Art

How Ancient Greek Art Inspired the Ballet Russes

The Ballets Russes had a longtime dalliance with Ancient Greek traditions especially in the ballet’s most innocent, primitive, and erotic aspects.

Léon Bakst, “Costume Design for Tamara Karsavina as Chloé” for Daphnis et Chloé (ca. 1912), graphite and tempera and/or watercolor on paper. 17.5×11.1 inches (Wadsworth Atheneum Museum of Art, Hartford, CT, The Ella Gallup Sumner and Mary Catlin Sumner Collection Fund, image: Allen Phillips/Wadsworth Atheneum)

When Russian painter and designer Léon Bakst visited the archaeological museum in Olympia in 1907, his response to the Greek statues was visceral. “I want terribly to run my hand over the marble, to find out what Niobe’s shoulders are like,” he wrote in 1923. This reaction summarizes the way Bakst, a set and costume designer for the Ballets Russes, viewed ancient art of “The Orient,” which, to him, spanned from the far east to Ancient Greece.

Hymn to Apollo: The Ancient World and the Ballets Russes, an exhibition co-curated by Clare Fitzgerald, the Associate Director for Exhibitions at NYU’s Institute for the Study of the Ancient World, together with curatorial assistant Rachel Herschman, explores the ancient world’s influence on the choreography, sets, and costumes of the Ballets Russes. The exhibition is accompanied by a catalogue edited by Fitzgerald and Herschman.

Installation view of Hymn to Apollo: The Ancient World and the Ballets Russes (image © Institute for the Study of the Ancient World, photo by Andrea Brizzi)
Léon Bakst, “Costume Design for a Woman from the Village” for Daphnis et Chloé (ca. 1912), watercolor and graphite. 8.5×10.2 inches (courtesy The Metropolitan Museum of Art, New York, bequest of Sallie Blumenthal, image source: Art Resource, NY)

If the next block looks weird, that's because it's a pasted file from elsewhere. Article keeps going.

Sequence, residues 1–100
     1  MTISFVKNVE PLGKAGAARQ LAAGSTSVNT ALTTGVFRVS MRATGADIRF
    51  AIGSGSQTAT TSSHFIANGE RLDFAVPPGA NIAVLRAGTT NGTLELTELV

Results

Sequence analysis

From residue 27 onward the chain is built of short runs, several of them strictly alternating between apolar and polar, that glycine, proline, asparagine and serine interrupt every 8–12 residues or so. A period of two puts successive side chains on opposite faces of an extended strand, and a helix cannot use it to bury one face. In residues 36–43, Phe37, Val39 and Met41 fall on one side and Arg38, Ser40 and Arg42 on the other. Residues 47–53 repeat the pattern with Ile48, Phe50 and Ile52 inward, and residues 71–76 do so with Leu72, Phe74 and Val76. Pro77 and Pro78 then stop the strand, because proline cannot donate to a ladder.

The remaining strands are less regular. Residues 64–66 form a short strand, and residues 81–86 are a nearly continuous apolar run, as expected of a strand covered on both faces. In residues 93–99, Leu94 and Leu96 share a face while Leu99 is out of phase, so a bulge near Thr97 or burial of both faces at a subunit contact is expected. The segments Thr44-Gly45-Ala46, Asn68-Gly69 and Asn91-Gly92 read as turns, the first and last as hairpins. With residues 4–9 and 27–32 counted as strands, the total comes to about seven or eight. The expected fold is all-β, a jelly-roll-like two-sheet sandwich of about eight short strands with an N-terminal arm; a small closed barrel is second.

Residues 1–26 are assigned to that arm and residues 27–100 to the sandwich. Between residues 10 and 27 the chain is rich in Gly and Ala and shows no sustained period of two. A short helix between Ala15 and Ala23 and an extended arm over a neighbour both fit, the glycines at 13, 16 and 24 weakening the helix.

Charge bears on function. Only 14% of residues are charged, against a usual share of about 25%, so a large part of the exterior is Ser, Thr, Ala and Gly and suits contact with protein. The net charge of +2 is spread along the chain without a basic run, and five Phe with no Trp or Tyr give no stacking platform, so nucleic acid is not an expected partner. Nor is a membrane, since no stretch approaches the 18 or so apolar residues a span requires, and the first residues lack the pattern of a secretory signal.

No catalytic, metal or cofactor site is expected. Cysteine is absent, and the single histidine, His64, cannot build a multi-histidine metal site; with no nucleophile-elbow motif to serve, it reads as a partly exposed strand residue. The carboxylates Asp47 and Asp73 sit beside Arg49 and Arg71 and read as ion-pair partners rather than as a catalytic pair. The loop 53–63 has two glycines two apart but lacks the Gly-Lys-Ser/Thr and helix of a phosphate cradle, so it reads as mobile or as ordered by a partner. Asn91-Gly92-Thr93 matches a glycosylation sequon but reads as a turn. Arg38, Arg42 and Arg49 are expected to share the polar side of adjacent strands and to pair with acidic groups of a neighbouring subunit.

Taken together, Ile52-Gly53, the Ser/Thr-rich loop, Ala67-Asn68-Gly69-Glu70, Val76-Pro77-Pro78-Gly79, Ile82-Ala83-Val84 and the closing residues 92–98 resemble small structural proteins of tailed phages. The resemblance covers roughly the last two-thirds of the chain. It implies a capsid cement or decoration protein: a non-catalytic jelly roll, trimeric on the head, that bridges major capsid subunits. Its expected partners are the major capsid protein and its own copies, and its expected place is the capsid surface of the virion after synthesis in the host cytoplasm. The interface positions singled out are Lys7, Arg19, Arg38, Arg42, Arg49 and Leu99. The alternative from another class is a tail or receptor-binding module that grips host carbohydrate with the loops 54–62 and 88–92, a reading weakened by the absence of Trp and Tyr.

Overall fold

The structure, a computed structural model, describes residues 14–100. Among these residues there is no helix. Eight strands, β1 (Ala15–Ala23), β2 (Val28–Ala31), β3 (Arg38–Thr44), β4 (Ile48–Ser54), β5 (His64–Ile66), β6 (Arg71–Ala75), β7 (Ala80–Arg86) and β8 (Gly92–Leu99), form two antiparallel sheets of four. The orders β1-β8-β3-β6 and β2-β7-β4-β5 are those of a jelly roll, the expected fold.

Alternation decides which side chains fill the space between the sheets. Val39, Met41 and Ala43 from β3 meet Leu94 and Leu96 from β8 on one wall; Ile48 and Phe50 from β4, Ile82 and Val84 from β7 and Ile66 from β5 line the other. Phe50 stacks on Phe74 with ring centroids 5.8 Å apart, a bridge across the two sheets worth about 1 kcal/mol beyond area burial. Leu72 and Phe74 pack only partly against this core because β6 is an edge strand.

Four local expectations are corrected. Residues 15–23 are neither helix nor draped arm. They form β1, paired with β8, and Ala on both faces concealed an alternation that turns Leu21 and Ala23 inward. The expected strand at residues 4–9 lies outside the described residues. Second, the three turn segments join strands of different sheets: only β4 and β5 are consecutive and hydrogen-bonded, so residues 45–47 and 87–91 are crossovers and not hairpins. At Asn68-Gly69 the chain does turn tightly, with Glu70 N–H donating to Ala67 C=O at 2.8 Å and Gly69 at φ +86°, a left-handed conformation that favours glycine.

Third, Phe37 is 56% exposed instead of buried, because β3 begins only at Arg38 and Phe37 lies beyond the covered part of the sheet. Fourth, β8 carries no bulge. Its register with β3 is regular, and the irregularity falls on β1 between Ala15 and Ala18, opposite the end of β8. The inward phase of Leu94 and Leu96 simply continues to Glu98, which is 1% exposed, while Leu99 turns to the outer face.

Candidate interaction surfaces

The Ballets Russes had a longtime dalliance with Ancient Greek traditions especially in the Ballet Russes’ most innocent, primitive, and erotic aspects. Ballets such as L’Après Midi d’un Faune (1912), Daphnis and Chloe (1912), and Narcisse (1911) give life to lush, pastoral myths while hinting at the erotic components of the myths. While the choreography (by Vaslav Nijinsky and Michael Fokine) reflected the poses of figures on Grecian pottery, Bakst’s costumes evoked the voluminous, draped garments of Ancient Greece, adding intrigue by exposing erogenous zones. Bakst’s style is immediately recognizable for his use of serpentine lines, heady colors, and a belle-époque-like sensuality.

Hymn to Apollo is divided into three sections. The first examines what is known about the art of dance in the ancient world (quite a bit, but not nearly enough). The second details Bakst’s love affair with Grecian antiquity, which follows a trajectory from neoclassicism to primitivism, and from primitivism to Hollywood grandeur, before his untimely death in 1924. The third analyzes individual ballets, such as L’Après Midi d’un Faune, as well as themes (for instance, the Apollo-Dionysus duality in Friedrich Nietzsche’s 1872 text on Ancient Greek theater, The Birth of Tragedy), and personalities, including the avant-garde dancer Isadora Duncan.

Léon Bakst, “Landscape, Set Design for Act One of Daphnis et Chloé” (1912), watercolor on paper. 10.5 x 7.5 inches (Harvard Theatre Collection, Houghton Library, Harvard University, Howard D. Rothschild Collection; image courtesy Houghton Library, Harvard University)
The Painter of London D12, “
Libation Bowl Depicting Dancing Girls and a Girl
 Playing the Double Pipe
” Classical era (ca. 450 BCE
), terracotta; white ground. Athens, Attica, Greece